A large bore i.v. access was secured on left upper limb. The patient was premedicated with inj. midazolam 0.03mg/kg i.v. and inj. buprenorphine 3 µg/kg i.v. Anaesthesia was induced with inj. propofol 2mg/kg i.v. and inj. pancuronium 0.1mg/kg i.v. The trachea was intubated with a no. 6.5 cuffed preformed polar RAE tube passed through the nasotrachea using a blind nasal technique. Correct placement of the tube was confirmed by chest auscultation and capnography. The tracheal tube was secured to the nose with a linen stitch and proper position of the neck gave almost full extension after cleaning and draping for adequate exposure to the tumor (figure 1). Lungs were ventilated with O2: N2O(50:50) and halothane using a closed circuit. Throat packing was performed using magill's forceps and ryle's tube no.14 was inserted through the other nostril. Inj. propofol infusion was started at 2mg/kg/hr i.v. to maintain depth of anaesthesia. Another large bore i.v. line was secured on the other hand.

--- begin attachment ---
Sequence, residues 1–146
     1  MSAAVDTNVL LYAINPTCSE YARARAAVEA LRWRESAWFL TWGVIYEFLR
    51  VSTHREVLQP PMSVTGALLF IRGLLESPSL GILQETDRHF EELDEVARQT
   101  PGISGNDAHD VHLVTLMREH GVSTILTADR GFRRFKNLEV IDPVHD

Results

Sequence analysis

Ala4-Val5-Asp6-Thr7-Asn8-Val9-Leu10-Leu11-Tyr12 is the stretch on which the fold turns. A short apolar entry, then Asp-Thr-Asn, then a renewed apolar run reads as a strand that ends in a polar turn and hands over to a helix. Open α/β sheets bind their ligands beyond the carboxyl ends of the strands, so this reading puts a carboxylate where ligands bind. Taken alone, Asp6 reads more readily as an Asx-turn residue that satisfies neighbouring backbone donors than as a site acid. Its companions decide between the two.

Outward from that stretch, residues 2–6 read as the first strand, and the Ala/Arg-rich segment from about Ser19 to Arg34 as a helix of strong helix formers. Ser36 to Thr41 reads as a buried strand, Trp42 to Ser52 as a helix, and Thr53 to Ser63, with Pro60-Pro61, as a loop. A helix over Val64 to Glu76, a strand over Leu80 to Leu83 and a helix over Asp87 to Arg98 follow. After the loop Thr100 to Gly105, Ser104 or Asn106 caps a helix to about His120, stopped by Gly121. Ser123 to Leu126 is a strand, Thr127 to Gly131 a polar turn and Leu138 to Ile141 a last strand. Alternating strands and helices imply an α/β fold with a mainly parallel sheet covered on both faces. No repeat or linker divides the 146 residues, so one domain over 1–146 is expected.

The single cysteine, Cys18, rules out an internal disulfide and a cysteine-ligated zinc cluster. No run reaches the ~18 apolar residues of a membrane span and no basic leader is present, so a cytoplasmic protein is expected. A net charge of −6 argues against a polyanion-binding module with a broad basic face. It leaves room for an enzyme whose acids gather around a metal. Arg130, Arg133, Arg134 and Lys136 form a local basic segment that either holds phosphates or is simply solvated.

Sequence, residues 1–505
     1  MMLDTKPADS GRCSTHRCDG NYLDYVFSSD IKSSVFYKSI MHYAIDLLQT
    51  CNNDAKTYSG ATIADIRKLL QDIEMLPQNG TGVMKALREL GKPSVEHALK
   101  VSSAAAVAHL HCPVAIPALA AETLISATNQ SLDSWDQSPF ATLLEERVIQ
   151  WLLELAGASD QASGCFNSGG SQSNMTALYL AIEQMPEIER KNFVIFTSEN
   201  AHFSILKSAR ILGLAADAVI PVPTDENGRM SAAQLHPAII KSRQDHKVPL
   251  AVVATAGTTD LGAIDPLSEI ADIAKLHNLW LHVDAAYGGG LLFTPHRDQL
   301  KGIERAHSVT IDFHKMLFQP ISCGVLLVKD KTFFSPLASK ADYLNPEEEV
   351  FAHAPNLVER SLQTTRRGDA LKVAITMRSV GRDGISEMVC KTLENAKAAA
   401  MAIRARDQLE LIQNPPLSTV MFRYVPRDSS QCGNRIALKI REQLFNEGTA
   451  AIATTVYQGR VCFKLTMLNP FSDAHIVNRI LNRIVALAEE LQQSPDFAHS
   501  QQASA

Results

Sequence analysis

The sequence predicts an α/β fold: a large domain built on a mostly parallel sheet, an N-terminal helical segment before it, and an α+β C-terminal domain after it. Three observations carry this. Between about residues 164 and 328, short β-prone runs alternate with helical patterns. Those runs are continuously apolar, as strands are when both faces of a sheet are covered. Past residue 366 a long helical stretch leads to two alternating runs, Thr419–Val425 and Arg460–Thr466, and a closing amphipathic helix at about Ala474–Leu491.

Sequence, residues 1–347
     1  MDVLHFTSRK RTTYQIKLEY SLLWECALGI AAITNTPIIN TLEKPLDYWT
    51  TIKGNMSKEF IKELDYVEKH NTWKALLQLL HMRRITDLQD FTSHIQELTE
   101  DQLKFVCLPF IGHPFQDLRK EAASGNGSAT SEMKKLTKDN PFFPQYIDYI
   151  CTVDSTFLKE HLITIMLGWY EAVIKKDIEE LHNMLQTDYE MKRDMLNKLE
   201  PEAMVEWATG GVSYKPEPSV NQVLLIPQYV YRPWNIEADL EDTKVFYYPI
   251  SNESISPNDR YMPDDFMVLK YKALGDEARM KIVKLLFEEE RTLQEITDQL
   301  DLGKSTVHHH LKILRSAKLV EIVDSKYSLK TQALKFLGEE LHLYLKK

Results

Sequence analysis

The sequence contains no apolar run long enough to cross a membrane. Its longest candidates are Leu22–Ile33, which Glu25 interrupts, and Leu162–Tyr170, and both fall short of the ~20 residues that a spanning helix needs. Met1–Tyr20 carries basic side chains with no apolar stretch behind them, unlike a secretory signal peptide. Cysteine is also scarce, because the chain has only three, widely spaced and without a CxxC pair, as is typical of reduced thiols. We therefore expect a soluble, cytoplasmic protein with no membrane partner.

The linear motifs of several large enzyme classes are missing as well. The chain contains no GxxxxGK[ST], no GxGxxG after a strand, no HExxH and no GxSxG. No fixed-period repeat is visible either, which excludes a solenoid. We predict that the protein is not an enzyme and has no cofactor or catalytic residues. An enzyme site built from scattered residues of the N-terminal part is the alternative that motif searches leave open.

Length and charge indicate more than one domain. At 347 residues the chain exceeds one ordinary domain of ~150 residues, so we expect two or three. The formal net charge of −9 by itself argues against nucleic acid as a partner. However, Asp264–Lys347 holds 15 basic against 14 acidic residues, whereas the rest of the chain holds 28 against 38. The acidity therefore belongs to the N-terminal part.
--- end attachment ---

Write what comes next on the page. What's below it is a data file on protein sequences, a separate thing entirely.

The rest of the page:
Exposed parts of the body were covered with polyethylene surgical drape and warm gamgees to prevent hypothermia. The patient was infused with crystalloids 6ml/kg/hr and 6% hydroxyethyl starch at 10ml/kg. Urine output was measured hourly and maintained at 0.5ml/kg/hr. Inj. buprenorphine was repeated after 8hrs (1.5µg/kg).
The duration of anaesthesia was 12 hrs and average blood loss was 350ml. The excised tumor mass was around 8cm×4cm×3cm (figure 2). Torniquet time was 1 hr 45 min. Ischemia time was 2 hrs 35 min. Dextran 40 was started at 0.5ml/kg/hr prior to commencing vessel anastomosis and was continued in the postoperative period. Inj. low molecular weight heparin was given s.c to maintain graft patency. Arterial blood gas initiated towards end of surgery.